Aaron YOUNG, Appellant–Defendant, v. STATE of Indiana, Appellee–Plaintiff.
-- September 11, 2012
Neil L. Weisman, South Bend, IN, Attorney for Appellant.Gregory F. Zoeller, Attorney General of Indiana, Joseph Y. Ho, Deputy Attorney General, Indianapolis, IN, Attorneys for Appellee.
Aaron Young appeals his conviction of and sentence for three counts of Class A felony child molestation. He presents two issues for our review:
1. Whether the State presented sufficient evidence to prove he committed Class A felony child molestation; and
2. Whether the trial court erred when it found him to be a credit restricted felon.
We affirm in part, reverse in part, and remand.
FACTS AND PROCEDURAL HISTORY
Young is the father of A.Y., born October 22, 1997. Young and A.Y.'s mother separated in 2005, and A.Y. visited Young “at least every other weekend [.]” (Tr. at 309). In 2010, when A.Y. was in seventh grade, she told two of her friends Young had been sexually molesting her. Her friends convinced her to tell a counselor, and the counselor reported the incidents to Child Protective Services.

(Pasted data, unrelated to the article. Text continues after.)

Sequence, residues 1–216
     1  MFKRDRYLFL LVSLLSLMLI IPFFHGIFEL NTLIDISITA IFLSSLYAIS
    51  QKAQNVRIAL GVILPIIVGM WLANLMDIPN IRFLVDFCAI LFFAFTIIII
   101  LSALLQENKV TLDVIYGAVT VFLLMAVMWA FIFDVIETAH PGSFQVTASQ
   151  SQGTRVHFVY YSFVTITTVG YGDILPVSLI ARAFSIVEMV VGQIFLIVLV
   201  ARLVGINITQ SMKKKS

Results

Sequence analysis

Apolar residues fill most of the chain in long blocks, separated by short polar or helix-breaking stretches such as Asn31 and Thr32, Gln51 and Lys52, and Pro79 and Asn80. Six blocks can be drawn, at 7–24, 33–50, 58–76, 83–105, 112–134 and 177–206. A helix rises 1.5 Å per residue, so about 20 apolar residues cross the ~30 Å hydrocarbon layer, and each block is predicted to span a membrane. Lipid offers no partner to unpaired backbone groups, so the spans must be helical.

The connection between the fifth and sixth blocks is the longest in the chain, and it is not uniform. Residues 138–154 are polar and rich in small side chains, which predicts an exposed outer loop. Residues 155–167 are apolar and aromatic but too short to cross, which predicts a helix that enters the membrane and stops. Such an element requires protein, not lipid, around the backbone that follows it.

The State charged Young with two counts of Class A felony child molestation. On October 7, 2011, a jury found Young guilty as charged. On November 9, the trial court sentenced Young to thirty years incarcerated for each count, to be served concurrently, and ordered him to register as a sex offender. On November 10, the trial court issued a supplemental sentencing order that classified Young as a credit restricted felon based on A.Y.'s age at the time of some of the crimes.
DISCUSSION AND DECISION
1. Sufficiency of the Evidence
When reviewing sufficiency of evidence to support a conviction, we consider only the probative evidence and reasonable inferences supporting the trial court's decision. Drone v. State, 867 N.E.2d 144, 146 (Ind.2007). It is the fact-finder's role, and not ours, to assess witness credibility and weigh the evidence to determine whether it is sufficient to support a conviction. Id. To preserve this structure, when we are confronted with conflicting evidence, we consider it most favorably to the trial court's ruling. Id. We affirm a conviction unless no reasonable fact-finder could find the elements of the crime proven beyond a reasonable doubt. Id. It is therefore not necessary that the evidence overcome every reasonable hypothesis of innocence; rather, the evidence is sufficient if an inference reasonably may be drawn from it to support the trial court's decision. Id. at 147.